I’m awake insanely early this morning, since about 4:30am, as the missus was catching the red-eye over to London to attend a nutrition conference. I tried to get back to sleep, but it just wasn’t happening. So, I decided to spend the dark hours of the morning catching up on the weekly podcasts – which are something I’m still getting used to : trying to find good tech-related content seems to be very difficult (any suggestions for good content ?)

One of the shows I’ve been listening to, is the BBC’s Go Digital programme – which is also broadcast via the World Service. This week’s show, had an item that caught my attention that I thought would be worth writing about – and the fact that it’s actually on-topic for this blog is a pleasant surprise, given the recent frequency of translation/tools related posts !

The item concerned the 2nd generation of a phone, the FOMA RAKURAKU II, which is being rolled out by NTT DOCOMO in Japan and is aimed directly at elderly users (I found one reference to it at
– sorry, finding more details about the phone in English seems to be difficult, but if anyone has links, I’ll update this post).

Targeting it’s intended audience, the phone has large buttons, a very clear display and an easy-to-use interface, with text-to-speech elements built in. What I thought was interesting though, was that it has a voice-slow-down feature. Incoming conversations are recorded, and can then be played back at a slower speed, so that users of the phone can take in all of what’s being said. The example used in the podcast, was someone who was in a hurry trying to give directions via mobile, and the recipient of the conversation was able to get a slowed down version of those directions (oh, please tell me that emergency-services operators (999/911/etc.) use a variant of this technology ?) Sounds like a really useful service, but apparently, the voice-slow-down feature is implemented on the server-side !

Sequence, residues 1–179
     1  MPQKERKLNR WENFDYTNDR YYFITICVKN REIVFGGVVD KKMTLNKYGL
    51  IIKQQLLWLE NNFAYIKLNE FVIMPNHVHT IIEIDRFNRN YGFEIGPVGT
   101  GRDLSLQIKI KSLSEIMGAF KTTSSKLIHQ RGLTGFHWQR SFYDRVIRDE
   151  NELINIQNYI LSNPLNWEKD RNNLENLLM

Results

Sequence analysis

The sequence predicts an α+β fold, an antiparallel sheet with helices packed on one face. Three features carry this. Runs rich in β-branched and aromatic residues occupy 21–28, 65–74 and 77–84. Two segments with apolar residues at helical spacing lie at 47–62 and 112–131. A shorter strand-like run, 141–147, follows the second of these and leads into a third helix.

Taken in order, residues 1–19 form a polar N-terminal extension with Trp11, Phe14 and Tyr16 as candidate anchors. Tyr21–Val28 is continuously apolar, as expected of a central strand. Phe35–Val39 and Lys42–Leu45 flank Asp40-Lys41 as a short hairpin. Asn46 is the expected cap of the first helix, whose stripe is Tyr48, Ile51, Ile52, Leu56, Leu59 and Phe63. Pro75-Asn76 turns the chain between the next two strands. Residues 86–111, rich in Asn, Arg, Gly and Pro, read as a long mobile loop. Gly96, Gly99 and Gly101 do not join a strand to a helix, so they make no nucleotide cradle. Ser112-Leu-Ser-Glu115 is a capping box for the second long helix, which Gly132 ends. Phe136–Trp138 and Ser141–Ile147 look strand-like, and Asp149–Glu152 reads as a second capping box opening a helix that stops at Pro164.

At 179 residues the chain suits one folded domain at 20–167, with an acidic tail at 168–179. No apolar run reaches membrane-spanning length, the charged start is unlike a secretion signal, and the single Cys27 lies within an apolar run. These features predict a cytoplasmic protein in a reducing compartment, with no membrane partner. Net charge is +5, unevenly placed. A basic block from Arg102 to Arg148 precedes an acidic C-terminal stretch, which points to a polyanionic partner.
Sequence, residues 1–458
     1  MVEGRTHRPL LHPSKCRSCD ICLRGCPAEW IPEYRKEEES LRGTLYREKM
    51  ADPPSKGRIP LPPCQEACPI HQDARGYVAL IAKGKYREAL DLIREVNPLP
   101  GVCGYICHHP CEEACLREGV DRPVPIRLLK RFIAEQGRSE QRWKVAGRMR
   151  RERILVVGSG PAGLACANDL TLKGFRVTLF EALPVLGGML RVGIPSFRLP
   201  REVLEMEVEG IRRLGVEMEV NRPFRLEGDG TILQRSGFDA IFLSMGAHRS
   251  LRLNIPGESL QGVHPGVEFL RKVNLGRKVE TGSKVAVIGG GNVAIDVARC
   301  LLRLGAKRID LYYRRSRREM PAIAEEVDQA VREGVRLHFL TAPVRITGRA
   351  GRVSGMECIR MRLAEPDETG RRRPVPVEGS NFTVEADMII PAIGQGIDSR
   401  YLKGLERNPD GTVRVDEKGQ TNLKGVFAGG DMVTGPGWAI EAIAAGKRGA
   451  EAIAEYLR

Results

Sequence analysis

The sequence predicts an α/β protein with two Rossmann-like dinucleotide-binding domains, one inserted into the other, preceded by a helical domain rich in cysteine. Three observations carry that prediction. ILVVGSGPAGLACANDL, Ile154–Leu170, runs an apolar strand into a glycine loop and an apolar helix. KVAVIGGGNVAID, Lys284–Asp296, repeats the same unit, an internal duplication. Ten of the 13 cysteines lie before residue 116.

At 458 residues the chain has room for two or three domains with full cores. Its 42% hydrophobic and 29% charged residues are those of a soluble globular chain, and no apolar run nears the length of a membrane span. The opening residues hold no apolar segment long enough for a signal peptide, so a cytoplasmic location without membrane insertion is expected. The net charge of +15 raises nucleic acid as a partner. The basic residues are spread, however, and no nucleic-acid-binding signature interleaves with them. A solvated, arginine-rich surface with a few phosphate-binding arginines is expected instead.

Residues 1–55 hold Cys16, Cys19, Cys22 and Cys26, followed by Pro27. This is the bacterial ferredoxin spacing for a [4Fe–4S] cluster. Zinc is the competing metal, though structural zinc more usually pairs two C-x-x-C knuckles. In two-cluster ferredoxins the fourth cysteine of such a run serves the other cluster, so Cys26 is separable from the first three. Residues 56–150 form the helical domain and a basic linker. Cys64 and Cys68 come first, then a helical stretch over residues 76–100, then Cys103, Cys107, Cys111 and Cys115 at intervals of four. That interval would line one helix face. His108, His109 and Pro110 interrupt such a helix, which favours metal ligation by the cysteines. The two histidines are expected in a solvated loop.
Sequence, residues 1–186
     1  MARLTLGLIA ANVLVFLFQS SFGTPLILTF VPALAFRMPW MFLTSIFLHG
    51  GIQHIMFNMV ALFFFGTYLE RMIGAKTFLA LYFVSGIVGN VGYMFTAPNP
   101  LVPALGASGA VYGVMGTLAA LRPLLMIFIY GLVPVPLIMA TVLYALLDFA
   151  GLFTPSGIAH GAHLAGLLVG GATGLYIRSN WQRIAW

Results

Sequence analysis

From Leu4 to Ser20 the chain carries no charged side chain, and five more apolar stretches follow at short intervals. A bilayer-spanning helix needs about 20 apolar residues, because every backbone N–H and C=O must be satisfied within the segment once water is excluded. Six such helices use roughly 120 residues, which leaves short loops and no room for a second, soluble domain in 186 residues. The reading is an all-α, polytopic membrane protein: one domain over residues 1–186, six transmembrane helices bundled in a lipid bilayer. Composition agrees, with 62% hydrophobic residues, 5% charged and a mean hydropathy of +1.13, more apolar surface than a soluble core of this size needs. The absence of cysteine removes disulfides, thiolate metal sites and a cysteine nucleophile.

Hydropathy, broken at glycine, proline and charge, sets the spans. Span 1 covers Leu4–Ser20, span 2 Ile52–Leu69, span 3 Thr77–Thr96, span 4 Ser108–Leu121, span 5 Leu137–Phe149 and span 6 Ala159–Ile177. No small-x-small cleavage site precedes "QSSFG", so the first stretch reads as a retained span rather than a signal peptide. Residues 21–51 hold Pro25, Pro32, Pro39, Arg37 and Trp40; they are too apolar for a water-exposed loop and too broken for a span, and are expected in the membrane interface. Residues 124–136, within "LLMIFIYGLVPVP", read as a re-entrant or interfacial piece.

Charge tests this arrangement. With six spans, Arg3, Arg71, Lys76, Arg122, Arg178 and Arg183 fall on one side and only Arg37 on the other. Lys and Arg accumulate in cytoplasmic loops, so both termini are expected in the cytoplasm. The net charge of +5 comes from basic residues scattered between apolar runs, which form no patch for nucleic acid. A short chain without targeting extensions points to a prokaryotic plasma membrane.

This being the case (you knew that The Network is the Computer, didn’t you ?) I started thinking – this should be on every phone, since all the intelligence is server-side : being able to slow down conversations wouldn’t just be useful for elderly users – if I’m trying to book a service where the operator at the far end speaks a different language than I do, the first thing I usually want, is for them to slow down ! With this technology, I could have them do that without having to embarrass them or me. Fantastic.

Thinking a bit more about that : what other services should we have on our phones that we don’t already, from a multi-lingual point of view ? In terms of making phones more accessible, wouldn’t the ability to have SMS messages interchanged via some machine translation system be useful ? (or even speech-to-text, machine translation and text to speech conversions ?) Yes, I really want a babelfish, but while those things are still fictional, would a simplistic implementation of existing translation technologies at least be worth exploring ? I’m sure there’s areas out there which could really help users that mobile operators haven’t started using yet…

btw. short status update, unrelated to this post : I’m looking at XLIFF 1.1 support in the Open Language Tools at the moment, and hope to have something before the end of the week. I’m also trying to cobble together a prototype for my next exercise in the “How much translation do we need” series, which I’ll blog about once I’ve got something working.